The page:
OK, let’s talk about the crux of Expedition Africa Rodrigues: the Floating Vessels of Dooom!! (cue thundering chords and howls to the moon).
It was interesting to discuss them with teams after they had hands-on experience, compared to their preconceptions. In a nutshell, overall positive.
The boats have made the race possible in this confined area. If conventional land transitions had been used, the logistics would have been impossible with so many locations. The roads would have been jammed with trucks, lorries, vans and pickups, engines overheating, pressure building, tempers rising, and could possibly have led to disease outbreaks, famine and pestilence! Luckily Stephan saw a shining path through this civil meltdown, and it means the most complex race in AR history is winding down to a successful completion. Whew! So close.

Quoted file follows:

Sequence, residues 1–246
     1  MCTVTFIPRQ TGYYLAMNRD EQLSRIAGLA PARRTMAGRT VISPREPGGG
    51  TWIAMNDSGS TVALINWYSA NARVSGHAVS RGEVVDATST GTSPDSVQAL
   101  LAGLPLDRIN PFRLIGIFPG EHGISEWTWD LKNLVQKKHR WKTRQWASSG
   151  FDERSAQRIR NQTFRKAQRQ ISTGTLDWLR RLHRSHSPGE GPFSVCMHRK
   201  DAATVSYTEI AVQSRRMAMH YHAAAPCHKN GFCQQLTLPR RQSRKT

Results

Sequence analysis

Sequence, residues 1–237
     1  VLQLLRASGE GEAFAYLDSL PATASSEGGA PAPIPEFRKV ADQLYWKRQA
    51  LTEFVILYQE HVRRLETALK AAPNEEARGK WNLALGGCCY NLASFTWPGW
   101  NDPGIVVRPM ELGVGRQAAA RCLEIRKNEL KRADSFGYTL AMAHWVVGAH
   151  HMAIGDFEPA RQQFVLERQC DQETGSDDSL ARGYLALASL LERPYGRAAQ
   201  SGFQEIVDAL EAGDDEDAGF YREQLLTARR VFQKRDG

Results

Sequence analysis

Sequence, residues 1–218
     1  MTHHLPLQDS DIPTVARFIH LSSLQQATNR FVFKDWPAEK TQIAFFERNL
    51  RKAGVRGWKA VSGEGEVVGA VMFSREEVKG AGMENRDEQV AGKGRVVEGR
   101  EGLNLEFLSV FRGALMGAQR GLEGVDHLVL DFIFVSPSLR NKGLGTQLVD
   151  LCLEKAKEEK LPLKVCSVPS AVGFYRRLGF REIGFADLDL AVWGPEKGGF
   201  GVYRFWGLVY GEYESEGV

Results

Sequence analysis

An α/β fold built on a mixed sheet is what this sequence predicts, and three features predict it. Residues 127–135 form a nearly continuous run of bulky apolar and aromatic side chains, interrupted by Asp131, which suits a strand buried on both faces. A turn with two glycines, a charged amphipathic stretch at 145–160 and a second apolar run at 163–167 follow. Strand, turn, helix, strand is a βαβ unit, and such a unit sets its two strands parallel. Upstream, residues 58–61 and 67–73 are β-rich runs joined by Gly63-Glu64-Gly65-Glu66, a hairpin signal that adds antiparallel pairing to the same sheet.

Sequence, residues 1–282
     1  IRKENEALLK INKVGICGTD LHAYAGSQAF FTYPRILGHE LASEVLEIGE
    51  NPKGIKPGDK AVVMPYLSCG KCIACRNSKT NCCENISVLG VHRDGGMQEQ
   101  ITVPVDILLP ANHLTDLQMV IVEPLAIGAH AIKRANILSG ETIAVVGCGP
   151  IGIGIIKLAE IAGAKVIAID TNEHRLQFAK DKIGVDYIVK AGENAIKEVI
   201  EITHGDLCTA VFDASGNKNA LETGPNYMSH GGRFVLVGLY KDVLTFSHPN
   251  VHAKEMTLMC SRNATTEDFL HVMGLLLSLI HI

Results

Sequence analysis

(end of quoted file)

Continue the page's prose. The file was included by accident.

Boats meant there was only ONE transition, despite the rumours. Nothing had to be hauled from A to B by anyone other than the racers. That meant they couldn’t possibly forget anything because it all travelled with them.
Or did it?
Herewith a major thorn in the side of many teams: wading for forgetfulness. When a team docked their boat, it had to be in water deep enough to avoid tidal stranding. You grab all your gear, head ashore, suit up for your discipline, start the hike or bike or sleep and…….doh! Who’s going to fetch the (insert essential kit here)?! And if your feet touched the water, you had to be wearing shoes to avoid a 1hr penalty, so a real hassle.